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Social protection and fragile states: An historical and ideational institutionalist analysis of agenda development in the World Bank

Mackinder, Sophia (2018) Social protection and fragile states: An historical and ideational institutionalist analysis of agenda development in the World Bank. PhD thesis, University of York.

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Over the past three decades a new paradigm has emerged within international development that seeks to address the issues of fragility and conflict. This new paradigm for engagement brings the state and its ‘capacity’ into the centre of international interventions, and is built around notions of security, economic liberalisation, democratisation and the rule of law. Concurrent with this new approach a concern with poverty emerged, as demonstrated by the Millennium Development Goals (MDGs) and the subsequent Sustainable Development Goals (SDGs). Poverty within fragile and conflict-affected states is a particularly acute problem, as 60% of the world’s extreme poor are projected to be within fragile states by 2030. However, poverty-reduction mechanisms such as social protection suffer from a lack of ‘capacity’ in fragile states, undermining the efficacy of usual processes and policies that are used in non-fragile development contexts. This study therefore seeks to explore the extent to which social protection is considered within the fragile states agenda, to establish whether and how the building of coherent and sophisticated social protection systems is included within the broader ambition of ‘state-building’. Specifically, it looks at the development of – and the interaction between – the fragile states and social protection agendas in the World Bank, the leading and most influential development organisation. The study therefore draws attention to the significance of the World Bank’s institutional architecture as the forum within which the ideas surrounding fragility and social protection develop. Drawing on 43 elite interviews with influential World Bank staffers and a complementary documentary analysis, it employs an historical and ideational institutionalist framework to capture the interplay between the institution, the ideas around fragility and social protection, and the interests of the actors involved in the discourse, to identify the constraining and facilitating influences within the Bank that shape the agendas and their interaction. It finds that not only is the social protection agenda stronger than the fragile states agenda within the Bank, but that the institutional architecture of the organisation has restricted the potential for the two agendas to interact, meaning that the issues around building coherent, sophisticated and effective social protection mechanisms in fragile and conflict-affected states have been neglected until relatively recently.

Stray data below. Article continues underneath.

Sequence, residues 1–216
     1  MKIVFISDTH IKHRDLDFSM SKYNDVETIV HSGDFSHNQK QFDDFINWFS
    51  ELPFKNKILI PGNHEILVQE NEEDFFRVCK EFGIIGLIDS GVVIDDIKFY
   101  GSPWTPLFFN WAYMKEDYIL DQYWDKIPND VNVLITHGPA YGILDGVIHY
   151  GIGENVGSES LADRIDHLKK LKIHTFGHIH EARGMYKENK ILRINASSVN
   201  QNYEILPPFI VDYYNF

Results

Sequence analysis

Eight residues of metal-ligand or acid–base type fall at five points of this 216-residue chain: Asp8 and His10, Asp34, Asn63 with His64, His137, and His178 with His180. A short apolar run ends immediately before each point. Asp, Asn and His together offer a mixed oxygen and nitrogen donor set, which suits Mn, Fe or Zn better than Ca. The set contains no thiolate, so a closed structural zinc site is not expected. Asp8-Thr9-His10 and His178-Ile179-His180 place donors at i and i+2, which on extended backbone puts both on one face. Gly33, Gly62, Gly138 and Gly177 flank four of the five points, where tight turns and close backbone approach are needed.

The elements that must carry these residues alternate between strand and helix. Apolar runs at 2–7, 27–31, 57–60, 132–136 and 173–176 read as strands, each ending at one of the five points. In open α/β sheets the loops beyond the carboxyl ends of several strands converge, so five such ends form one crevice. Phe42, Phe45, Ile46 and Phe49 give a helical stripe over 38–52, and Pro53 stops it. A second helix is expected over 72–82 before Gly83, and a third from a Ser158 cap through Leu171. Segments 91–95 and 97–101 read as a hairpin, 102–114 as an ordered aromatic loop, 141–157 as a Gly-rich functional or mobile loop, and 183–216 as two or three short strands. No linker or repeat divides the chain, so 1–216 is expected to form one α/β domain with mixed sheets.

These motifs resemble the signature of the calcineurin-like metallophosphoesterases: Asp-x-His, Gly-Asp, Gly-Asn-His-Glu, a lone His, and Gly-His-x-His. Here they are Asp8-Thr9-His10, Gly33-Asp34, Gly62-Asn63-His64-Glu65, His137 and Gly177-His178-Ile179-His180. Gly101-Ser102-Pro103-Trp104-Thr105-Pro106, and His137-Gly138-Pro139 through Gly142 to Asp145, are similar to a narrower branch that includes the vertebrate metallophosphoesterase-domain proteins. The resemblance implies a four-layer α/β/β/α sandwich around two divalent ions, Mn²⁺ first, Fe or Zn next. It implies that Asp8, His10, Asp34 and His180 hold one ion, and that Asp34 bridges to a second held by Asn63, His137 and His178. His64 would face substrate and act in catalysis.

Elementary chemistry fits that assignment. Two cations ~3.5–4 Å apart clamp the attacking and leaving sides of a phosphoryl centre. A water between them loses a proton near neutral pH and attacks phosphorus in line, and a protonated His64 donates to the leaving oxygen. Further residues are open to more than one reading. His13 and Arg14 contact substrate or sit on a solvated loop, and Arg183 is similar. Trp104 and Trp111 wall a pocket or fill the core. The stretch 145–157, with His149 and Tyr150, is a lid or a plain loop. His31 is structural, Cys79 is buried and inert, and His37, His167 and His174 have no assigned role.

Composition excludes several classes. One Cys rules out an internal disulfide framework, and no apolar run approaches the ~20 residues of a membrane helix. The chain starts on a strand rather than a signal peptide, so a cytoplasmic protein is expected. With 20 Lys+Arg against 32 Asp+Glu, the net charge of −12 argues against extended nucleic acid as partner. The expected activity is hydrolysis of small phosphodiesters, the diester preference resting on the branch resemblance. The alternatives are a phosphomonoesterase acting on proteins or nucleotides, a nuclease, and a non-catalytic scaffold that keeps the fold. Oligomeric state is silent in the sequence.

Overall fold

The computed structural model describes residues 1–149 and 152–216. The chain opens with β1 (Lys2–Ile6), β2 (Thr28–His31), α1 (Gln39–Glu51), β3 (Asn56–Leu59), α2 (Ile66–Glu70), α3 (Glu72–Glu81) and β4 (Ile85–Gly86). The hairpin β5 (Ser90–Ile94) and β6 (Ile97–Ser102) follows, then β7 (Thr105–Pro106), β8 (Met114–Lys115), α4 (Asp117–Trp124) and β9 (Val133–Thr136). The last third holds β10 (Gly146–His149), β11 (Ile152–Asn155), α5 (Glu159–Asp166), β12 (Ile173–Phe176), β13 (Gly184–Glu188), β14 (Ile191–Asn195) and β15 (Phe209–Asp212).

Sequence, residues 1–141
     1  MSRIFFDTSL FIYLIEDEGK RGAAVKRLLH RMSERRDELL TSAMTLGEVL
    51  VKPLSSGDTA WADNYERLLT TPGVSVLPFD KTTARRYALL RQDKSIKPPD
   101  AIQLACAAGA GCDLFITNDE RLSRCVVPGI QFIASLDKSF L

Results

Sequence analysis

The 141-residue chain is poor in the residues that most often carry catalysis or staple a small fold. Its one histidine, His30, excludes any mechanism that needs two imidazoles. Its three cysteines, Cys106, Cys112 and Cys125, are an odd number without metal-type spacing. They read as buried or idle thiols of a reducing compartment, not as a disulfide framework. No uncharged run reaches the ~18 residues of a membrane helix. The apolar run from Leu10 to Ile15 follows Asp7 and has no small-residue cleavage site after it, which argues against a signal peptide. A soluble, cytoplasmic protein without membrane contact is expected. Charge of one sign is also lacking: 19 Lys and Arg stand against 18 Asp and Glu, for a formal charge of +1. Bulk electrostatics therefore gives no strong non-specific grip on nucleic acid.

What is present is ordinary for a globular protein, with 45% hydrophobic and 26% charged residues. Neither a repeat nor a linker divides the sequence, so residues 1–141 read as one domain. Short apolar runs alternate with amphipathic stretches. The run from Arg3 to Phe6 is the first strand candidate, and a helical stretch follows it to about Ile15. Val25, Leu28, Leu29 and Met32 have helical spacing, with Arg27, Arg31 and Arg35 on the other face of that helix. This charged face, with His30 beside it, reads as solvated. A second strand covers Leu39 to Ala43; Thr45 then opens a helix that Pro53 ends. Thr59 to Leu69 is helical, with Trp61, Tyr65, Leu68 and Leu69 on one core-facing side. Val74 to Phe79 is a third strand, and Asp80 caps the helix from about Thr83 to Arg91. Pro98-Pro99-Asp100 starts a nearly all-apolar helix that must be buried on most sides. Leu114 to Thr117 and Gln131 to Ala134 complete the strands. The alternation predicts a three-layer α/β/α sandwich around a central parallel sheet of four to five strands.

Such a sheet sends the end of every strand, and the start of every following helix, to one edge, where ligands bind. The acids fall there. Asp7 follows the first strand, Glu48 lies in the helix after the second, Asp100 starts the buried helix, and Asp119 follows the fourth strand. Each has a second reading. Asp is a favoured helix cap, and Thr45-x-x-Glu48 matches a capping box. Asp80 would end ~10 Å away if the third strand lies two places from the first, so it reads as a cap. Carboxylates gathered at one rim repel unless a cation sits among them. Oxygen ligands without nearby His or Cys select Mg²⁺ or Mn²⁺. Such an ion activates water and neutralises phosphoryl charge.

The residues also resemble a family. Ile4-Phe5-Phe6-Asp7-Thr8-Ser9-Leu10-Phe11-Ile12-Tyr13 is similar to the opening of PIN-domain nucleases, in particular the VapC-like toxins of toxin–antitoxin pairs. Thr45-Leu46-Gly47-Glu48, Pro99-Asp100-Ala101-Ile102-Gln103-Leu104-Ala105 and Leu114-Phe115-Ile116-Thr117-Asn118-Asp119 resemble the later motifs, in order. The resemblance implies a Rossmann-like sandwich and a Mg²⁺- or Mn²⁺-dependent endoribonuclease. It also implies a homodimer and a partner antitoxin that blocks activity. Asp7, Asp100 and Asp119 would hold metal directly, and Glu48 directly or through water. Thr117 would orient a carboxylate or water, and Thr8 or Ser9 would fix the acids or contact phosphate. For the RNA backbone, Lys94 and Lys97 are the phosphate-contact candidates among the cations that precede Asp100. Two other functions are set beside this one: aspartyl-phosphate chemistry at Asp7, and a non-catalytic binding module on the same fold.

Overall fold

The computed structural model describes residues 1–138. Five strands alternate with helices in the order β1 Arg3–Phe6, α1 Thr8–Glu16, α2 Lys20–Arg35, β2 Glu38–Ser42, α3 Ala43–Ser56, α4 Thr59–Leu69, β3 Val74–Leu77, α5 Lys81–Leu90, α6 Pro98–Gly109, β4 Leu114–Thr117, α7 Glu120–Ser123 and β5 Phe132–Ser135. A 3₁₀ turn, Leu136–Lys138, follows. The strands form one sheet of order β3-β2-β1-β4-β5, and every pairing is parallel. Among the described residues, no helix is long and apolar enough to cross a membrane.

Item Type: Thesis (PhD)
Academic Units: The University of York > Social Policy and Social Work (York)
Depositing User: Dr Sophie Mackinder
Date Deposited: 03 Dec 2018 16:40
Last Modified: 03 Dec 2018 16:40
URI: http://etheses.whiterose.ac.uk/id/eprint/21682

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